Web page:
The pandemic has forced many of us to spend a lot more time at home. While some couples and families enjoy all this together, it has had the opposite effect on other couples who feel trapped under the same roof day and night. This has led to a spike in the divorce rates in 2020.

According to a recent news report, the rise in divorce filings began just a few weeks into the initial lockdown in mid-April — the number of couples planning to file for divorce jumped 34% between March and June 2020 over the same period in 2019. There is additional evidence that the trend remains on the upward incline as the country heads into 2021. The data also showed that 31% of couples admitted that the lockdown caused irreparable damage to their marriage.

Why the increase?

These are stressful times, and there are common factors that are affecting many out there:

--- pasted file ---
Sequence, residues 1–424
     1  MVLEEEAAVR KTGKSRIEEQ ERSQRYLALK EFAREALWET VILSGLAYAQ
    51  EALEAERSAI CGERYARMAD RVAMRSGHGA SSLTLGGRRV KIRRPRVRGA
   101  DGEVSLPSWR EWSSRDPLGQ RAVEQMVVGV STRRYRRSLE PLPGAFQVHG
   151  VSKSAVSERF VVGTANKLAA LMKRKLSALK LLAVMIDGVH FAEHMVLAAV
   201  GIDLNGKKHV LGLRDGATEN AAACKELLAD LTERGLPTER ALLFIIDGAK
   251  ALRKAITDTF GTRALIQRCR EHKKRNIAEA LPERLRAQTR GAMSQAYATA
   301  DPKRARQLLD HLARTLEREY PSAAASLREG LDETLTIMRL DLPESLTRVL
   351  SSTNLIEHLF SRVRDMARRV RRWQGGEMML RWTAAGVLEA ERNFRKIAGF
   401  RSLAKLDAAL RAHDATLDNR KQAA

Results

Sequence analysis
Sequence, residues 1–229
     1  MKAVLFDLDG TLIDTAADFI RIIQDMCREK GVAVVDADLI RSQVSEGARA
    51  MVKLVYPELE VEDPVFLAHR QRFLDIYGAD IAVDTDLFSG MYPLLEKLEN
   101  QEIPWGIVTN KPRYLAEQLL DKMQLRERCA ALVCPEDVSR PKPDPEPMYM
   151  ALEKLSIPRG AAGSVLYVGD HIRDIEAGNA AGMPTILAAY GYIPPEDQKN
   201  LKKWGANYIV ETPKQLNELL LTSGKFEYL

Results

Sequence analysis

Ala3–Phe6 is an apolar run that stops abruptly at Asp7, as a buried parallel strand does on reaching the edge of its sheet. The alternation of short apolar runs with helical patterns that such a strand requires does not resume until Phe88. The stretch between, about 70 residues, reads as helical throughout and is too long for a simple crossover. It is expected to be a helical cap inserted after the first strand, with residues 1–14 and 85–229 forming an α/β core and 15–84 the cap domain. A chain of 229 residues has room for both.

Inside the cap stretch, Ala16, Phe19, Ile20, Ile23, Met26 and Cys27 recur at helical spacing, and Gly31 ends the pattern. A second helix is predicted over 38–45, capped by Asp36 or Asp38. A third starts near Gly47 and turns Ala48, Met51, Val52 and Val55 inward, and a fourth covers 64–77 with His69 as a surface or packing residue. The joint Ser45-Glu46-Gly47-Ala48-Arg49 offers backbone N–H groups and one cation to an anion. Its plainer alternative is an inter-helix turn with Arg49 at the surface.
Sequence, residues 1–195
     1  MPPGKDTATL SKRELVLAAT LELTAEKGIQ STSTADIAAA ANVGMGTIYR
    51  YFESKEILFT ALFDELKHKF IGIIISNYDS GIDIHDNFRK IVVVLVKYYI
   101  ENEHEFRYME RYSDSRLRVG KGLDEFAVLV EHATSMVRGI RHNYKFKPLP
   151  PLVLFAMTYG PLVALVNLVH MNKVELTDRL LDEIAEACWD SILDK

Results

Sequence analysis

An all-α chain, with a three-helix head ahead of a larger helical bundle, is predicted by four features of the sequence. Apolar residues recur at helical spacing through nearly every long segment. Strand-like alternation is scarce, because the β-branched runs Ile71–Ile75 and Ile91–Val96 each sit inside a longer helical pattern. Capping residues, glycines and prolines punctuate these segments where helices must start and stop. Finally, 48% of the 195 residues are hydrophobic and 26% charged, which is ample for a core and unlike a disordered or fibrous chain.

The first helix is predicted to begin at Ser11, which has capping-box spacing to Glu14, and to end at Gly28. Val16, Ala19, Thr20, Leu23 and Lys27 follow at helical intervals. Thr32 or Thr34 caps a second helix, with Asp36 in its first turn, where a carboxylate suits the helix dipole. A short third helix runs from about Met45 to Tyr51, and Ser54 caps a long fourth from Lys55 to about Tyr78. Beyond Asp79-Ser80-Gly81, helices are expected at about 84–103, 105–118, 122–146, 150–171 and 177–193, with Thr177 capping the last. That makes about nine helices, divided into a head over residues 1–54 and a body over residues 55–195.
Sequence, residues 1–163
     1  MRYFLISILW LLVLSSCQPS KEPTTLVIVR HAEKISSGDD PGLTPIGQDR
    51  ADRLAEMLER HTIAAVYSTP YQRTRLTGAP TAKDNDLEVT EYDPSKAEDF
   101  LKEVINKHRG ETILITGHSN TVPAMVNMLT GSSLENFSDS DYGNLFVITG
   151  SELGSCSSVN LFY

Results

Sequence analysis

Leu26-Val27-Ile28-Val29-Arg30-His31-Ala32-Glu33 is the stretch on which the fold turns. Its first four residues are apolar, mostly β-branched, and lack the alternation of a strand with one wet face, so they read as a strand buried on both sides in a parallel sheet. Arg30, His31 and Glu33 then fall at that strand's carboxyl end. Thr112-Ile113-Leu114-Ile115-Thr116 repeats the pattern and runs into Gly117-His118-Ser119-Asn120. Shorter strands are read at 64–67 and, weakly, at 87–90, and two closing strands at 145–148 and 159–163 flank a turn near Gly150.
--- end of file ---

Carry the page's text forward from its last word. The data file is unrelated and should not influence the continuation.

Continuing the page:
• The economic uncertainty of the times
  • Many are unemployed or underemployed.
  • Many are forced to work outside the house under challenging conditions.
  • Some mourn the death of loved ones.
  • Some are ill or have a fear of illness.
  • Some are trying to homeschool the children.
  • Many are working and living in the same space.

Current circumstances exacerbate mental illness.

Other factors unique to the marriage also prompted the couple to realize that the marriage wasn’t working. Newlyweds, for example, were particularly hard hit – couples married in the five months before the lockdown made up 20% of all divorce filings. There are also reports that living on top of each other meant spouses caught more cheaters and others engaging in secret behavior.

Divorce is still possible at this time

The court schedules are packed during normal times, and the restrictions regarding safety protocols have further slowed the process. While some courts are open and judges are using video conferencing, couples may wish to use alternative dispute resolution like mediation to create a fair and equitable divorce agreement. If the couple is willing, this format can address all areas in dispute. It is also typically faster, less expensive and less stressful than litigation.